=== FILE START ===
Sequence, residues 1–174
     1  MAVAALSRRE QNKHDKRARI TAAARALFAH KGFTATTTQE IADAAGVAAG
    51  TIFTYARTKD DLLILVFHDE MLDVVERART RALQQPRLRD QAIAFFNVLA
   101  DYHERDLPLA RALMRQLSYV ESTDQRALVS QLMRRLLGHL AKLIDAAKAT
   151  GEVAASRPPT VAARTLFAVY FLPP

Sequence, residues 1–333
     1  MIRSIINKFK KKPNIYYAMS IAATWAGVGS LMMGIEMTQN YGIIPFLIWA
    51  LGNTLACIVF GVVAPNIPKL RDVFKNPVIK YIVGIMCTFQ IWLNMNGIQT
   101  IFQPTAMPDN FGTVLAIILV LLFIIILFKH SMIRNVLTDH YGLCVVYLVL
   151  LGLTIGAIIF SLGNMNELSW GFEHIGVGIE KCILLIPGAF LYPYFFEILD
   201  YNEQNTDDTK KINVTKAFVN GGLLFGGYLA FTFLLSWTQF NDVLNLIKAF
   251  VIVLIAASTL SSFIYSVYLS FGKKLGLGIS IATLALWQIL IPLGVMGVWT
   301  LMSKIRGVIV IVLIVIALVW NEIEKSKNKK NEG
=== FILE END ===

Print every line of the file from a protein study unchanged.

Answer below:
Sequence, residues 1–174
     1  MAVAALSRRE QNKHDKRARI TAAARALFAH KGFTATTTQE IADAAGVAAG
    51  TIFTYARTKD DLLILVFHDE MLDVVERART RALQQPRLRD QAIAFFNVLA
   101  DYHERDLPLA RALMRQLSYV ESTDQRALVS QLMRRLLGHL AKLIDAAKAT
   151  GEVAASRPPT VAARTLFAVY FLPP

Sequence, residues 1–333
     1  MIRSIINKFK KKPNIYYAMS IAATWAGVGS LMMGIEMTQN YGIIPFLIWA
    51  LGNTLACIVF GVVAPNIPKL RDVFKNPVIK YIVGIMCTFQ IWLNMNGIQT
   101  IFQPTAMPDN FGTVLAIILV LLFIIILFKH SMIRNVLTDH YGLCVVYLVL
   151  LGLTIGAIIF SLGNMNELSW GFEHIGVGIE KCILLIPGAF LYPYFFEILD
   201  YNEQNTDDTK KINVTKAFVN GGLLFGGYLA FTFLLSWTQF NDVLNLIKAF
   251  VIVLIAASTL SSFIYSVYLS FGKKLGLGIS IATLALWQIL IPLGVMGVWT
   301  LMSKIRGVIV IVLIVIALVW NEIEKSKNKK NEG